Chicora: a Foggy Voyage came to mind one foggy evening, when I was driving along the Georgian Bay shoreline and I noticed the lights of a large vessel making its way towards the harbour. I stopped to get a better view of the vessel. In the mist, I could barely make out the outline of the vessel, only the lights were clearly visible. The ship seemed to be moving very slowly, perhaps due to the thickness of the fog which covered the bay.
You will recall from "Chicora:Touring the Great Lakes -Part 1" the Chicora had made it to the north shore Georgian Bay in the first leg of its 1871 cruise on the Great Lakes. The second leg continues from that point.
After leaving Bruce Mines, the "Chicora" headed towards Sault Ste. Marie. During the day, they sailed through the channel which separates St. Joseph's Island from the mainland. The captain planned to spend the night at a small harbor known as Wood Dock. The reason for this overnight stay was due to the fact that the next leg of the trip was through a passage known as the Devil's Gap. This stretch of water was a narrow channel which required skillful maneuvering of the ship around several rocky islands.
However, that evening, a dense fog settled over the area, and the "Chicora” could not find its way to Wood Dock. Finally, the captain ordered the vessel to stop and a small boat was sent ashore to find the pier. After an hour of searching, the boat returned and the captain cautiously with aid of making frequent soundings, brought the larger vessel safely to port.
The Devil's Gap had a reputation which struck fear in the hearts of sailors. Probably because of this reputation, Coyne remembered that "some of the passengers had their imaginations so wrought up by the stories of the beauty and dangers" of the Gap that they arose at 3:00 a.m. the next morning to witness the "Chicora's" passage through the area. However, Coyne remained snugly in his bed until a more civilized hour. When he arose, his vessel was safely moored at Sault Ste. Marie.
They docked on the American side and the four-hour layover allowed the passengers some time for sight seeing. His comments about the American troops stationed at Fort Brady is illustrative of the British sentiments, or perhaps prejudices, of that era.
Coyne wrote that "A Canadian is at once struck by the slouchy, independent appearance and gait of these "boys in blue." The tunic is the only article of their uniform which looks at all becoming and neat. The shakos and trousers are models of ugliness. The garrison contains some stout, strapping fellows; but the men with exception seem to be awkward and loose-jointed." On the contrary he wrote "our volunteers compare very favorably to them".
After leaving Sault Ste. Marie, the "Chicora" made its way to a native village on Batchewanaung Bay for another re-fueling stop. The "Chicora" sailed the final 160 miles to Marquette, the end point of their voyage.
We are indebted to those early Canadians like Mr. Coyne, who took the time to write down their thoughts and experiences. These sources are not only entertaining, but also informative as they allow us to know more about early life in our part of the country.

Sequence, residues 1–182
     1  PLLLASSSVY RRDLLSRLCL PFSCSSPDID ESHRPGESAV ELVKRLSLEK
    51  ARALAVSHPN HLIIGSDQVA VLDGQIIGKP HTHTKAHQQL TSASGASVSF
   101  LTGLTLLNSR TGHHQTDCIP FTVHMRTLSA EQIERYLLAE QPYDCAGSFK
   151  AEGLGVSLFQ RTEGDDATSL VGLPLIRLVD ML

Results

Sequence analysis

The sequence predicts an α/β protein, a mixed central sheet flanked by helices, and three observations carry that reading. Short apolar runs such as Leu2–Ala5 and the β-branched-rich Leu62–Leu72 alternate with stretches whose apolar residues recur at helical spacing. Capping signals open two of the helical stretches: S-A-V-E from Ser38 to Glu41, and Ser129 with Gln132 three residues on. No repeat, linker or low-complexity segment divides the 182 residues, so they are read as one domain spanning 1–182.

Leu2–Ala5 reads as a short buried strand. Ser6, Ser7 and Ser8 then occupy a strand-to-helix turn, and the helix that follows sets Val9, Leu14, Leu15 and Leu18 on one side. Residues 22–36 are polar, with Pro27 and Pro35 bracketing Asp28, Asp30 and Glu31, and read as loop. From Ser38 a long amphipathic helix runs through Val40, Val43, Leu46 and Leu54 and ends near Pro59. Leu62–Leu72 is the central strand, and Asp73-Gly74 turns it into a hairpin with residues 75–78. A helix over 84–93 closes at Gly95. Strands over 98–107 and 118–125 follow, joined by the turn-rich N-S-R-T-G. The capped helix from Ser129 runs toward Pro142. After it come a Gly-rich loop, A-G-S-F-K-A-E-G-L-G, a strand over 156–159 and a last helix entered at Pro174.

Recreational Boating on Georgian Bay There is a long tradition of recreational boating on Georgian Bay. Reports indicate that regattas were being held at Owen Sound as early as 1852.
Great Lakes Recreational Boating Great Lakes recreational boating has been a popular pastime in the summertime in the Georgian Bay region for many years.
Yachts on Georgian Bay A history of yachts on Georgian Bay.
Georgian Bay Ferry Boat Service between Tobermory and Manitoulin Island has a history that is more than a century old. Today, the Chi-Cheemaun continues that tradition.
Ferry boat service after 1930 increased in activity between Tobermory at tip of the Bruce Peninsula and Manitoulin Island
1867 Election Meant Sailing to the Soo. There was only one polling station in the Georgian Bay region in the first election after Canadian Confederation and that was in Sault Ste. Marie!
A Flowerpot Island boat trip takes you to one of the many Georgian Bay islands dot the landscape of the waters around Tobermory at the tip of the Bruce Peninsula. One island features not only unique landforms and vegetation, but also a mysterious indigenous Romeo and Juliet tale of romance.
Georgian Bay's 1st Pioneer Settler In 1825 or 1826, depending upon the source, a lonely figure in a birch bark canoe could be seen paddling the waters of Georgian Bay.
Chicora the first stage of an 1871 Great Lakes tour aboard a cruise ship on Georgian Bay.
Chicora the final stage of an 1871 cruise a foggy voyage on the Great Lakes.
Historic Vacations: King's Royal Park Historic Vacations: King's Royal Park, opulent adventures for the wealthy of the day. It was the late 19th century and tourism was beginning to bloom.
Sailing the Lake Huron Shoreline is a step back in history and a delightfully scenic trip. But beware of the big waves that can arise anytime!
Sailing Lake Huron Shoreline Part 2 takes us through the most treacherous part of our voyage and also a most interesting part as we visit some unique islands.
Georgian Bay Sailing Georgian Bay Sailing history is a rich tapestry of tales of heroism, tragedy, and exploration. Sailing vessels traversing the rugged waters of Georgian Bay predate the arrival of European explorers and settlers.